Compression is Real

Started 11 months ago | Discussions thread
Gerry Winterbourne Forum Pro • Posts: 15,199
Re: no cropping or stitching

jrtrent wrote:

Gerry Winterbourne wrote:

jrtrent wrote:

The article the OP referred to starts out with, "We've been saying for years that the term "lens compression" is misleading," and perhaps that is true, but I prefer some of the articles they had in the more distant past. Below is an excerpt from one that was primarily discussing what a normal, or standard, lens is, and explains why I prefer using a normal focal length for most of my shots:

There's a saying "correlation isn't causation" and that applies to your quotation below.

"A telephoto lens, for example, renders distant objects larger in the frame,


and has the effect of compressing the apparent spatial relationship between objects.

True. But these are two separate things that a telephoto lens does; it isn't the fact that things look larger that explains why perspective appears compressed.

A wide angle does precisely the opposite; in squeezing more content into the image, objects appear smaller and more distant.

This is more problematic - it suggests that everything in the frame looks more distant when, in fact, things in the foreground don't. What really happens is that the apparent difference in size of foreground and distant objects is what causes the apparent false perspective.

[Edit] And it's the fact that the telephoto lens cuts out the foreground objects (which would appear huge) that causes their apparent false perspective.

It's in the happy medium between these two extremes that the standard lens lies; the apparent sizes and spatial relationships between image elements appear natural, and much as they did in real life."

I have no problem with the quotation as a pragmatic guide to the visual effects of various lenses; but it shouldn't be taken as an explanation of those effects.

I can't disagree with anything you wrote. Regarding the problematic statement about the wide angle lens from Andy Westlake's article, I agree and think that Tamron's description covers the ground a little better.

I saw that post and thought the Tamron article had so much wrong with it that I'd just pass it by. But as you raise it again here I'll comment. I've pasted it here from your other post.

"A focal length approximating the diagonal dimension of the camera’s image plane will render an angle-of-view with negligible magnification—similar to normal human vision.

Magnification is the ratio of the size of the image on the sensor to the actual size of the subject; 1:1 is full size, the usual definition of what macro lenses give. Macro lenses come in all focal lengths; relating magnification to FL is nonsense - but see * below.

The full angle of view of human vision is over 180 degrees horizontally and about half that vertically. The horizontal and vertical AOV of a lens whose diagonal equals FL are about 45 and 30 degrees - a fraction of the human AOV.

Focal lengths numerically lower than normal will render negative magnification,

* This shows that the terminology is garbled. What it seems to be saying is that whatever the actual magnification of a normal lens is, a longer FL will give more than that while a shorter FL will give less.

resulting in wider angles-of-view (wide angle), while those numerically greater than normal render positive magnification, producing narrower angles-of-view (telephoto.)."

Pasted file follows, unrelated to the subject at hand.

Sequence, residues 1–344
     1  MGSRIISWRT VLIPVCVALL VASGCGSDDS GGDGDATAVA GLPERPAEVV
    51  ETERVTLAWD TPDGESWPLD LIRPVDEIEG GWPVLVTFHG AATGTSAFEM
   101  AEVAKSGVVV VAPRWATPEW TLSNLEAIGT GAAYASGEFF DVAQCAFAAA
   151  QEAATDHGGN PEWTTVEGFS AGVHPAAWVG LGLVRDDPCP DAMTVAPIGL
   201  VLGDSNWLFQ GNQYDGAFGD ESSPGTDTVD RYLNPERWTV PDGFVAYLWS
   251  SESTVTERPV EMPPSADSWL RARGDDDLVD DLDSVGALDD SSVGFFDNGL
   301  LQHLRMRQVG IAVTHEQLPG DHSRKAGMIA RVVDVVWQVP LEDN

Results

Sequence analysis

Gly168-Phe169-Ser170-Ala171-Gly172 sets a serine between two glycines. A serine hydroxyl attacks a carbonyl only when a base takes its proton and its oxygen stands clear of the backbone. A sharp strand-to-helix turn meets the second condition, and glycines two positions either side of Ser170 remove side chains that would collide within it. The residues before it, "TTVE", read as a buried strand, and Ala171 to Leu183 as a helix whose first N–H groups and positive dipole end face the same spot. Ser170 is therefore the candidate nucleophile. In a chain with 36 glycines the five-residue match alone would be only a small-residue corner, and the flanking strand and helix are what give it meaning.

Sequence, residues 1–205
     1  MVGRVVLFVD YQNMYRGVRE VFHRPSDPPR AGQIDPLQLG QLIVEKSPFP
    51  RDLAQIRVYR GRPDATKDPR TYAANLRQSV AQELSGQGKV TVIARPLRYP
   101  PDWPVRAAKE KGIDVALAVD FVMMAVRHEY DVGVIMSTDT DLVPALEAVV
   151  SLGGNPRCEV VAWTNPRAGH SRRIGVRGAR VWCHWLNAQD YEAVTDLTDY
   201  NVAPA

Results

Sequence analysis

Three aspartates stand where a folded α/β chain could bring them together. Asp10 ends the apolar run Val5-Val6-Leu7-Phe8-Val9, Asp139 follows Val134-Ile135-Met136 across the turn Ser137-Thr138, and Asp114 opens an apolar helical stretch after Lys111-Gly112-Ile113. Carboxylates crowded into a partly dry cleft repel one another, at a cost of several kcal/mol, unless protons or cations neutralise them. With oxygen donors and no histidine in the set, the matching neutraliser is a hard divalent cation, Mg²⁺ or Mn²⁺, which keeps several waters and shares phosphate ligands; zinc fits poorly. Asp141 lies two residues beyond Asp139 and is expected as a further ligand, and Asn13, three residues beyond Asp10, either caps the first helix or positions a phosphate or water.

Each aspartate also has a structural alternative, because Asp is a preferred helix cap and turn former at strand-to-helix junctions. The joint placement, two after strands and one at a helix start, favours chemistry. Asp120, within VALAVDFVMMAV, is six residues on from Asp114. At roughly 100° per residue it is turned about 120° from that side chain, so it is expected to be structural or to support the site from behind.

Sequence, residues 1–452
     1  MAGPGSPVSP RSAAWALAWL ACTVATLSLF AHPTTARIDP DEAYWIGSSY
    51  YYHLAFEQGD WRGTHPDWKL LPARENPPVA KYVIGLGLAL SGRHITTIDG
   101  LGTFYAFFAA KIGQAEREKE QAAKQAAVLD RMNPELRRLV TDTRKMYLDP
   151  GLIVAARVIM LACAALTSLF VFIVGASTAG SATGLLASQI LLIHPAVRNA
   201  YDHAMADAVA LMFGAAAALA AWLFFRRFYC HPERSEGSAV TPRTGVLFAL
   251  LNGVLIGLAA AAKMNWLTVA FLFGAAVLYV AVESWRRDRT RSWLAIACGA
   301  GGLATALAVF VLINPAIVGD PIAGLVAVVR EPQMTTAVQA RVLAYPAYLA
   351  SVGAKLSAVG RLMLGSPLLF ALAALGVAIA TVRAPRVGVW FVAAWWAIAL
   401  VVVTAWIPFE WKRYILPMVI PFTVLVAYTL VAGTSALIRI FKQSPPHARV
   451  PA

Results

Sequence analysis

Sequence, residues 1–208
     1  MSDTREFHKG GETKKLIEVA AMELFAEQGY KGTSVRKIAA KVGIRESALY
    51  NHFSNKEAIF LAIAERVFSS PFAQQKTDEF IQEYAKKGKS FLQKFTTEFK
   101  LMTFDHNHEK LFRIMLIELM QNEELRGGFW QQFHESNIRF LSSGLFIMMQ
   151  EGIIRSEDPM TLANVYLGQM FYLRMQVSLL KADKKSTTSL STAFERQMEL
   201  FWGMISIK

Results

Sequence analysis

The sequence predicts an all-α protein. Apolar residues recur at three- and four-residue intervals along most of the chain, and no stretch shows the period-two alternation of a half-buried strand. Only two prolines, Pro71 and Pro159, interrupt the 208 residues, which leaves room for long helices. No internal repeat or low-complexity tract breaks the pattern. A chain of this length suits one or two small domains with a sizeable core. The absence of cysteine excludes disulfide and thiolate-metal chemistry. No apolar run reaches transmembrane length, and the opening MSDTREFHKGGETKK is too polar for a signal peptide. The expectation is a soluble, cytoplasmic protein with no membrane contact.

So while the above is true it has nothing to do with perspective.

"A photographic lens provides a visual effect, making closely located subjects larger while remotely located subjects smaller.

This is back to front. Things nearer the viewer look bigger than equal things further away. That's a natural visual effect and is what we call perspective. Lenses don't provide that effect, they merely project it onto the film or sensor.

As the focal length becomes shorter in a wideangle lens, this perspective difference expands making closely located subjects even bigger and remotely located ones even smaller (exaggerated perspective).

This is fundamentally wrong, as explained many times in this thread. The focal length itself has no effect whatsoever on perspective. The only thing that affects perspective is the viewpoint. Different FLs offer different AOVs and that allows the photographer to change the viewpoint. But it's the viewpoint that controls perspective, not the FL that allows the photographer to choose the viewpoint.

In contrast, in a telephoto lens, as focal lengths become longer, less difference is observed between close and distant subjects, making it appear as if they are closer regardless of the distance between them (compressed perspective)."


"Generally speaking, a focal length range that provides a similar perspective to the human eye is considered to be somewhere between 40-60mm."

It isn't so considered by anyone who understands what perspective is. As long as the camera is just in front of the eye than every FL provides the same perspective as that eye.

Using lenses of different FLs can give photographs whose apparent perspective differs from the actual perspective from that viewpoint; and longer FLs often yield apparent compression of perspective while shorter FLs often yield apparent exaggeration of perspective. I'm not disputing this as a fact.

What I am saying is that the article you quote is completely wrong as an explanation of the fact. Anyone who understands the true explanation can see what the article is trying to get at; it's just unfortunate that it bungles the attempt.

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First camera 1953, first Pentax 1985, first DSLR 2006

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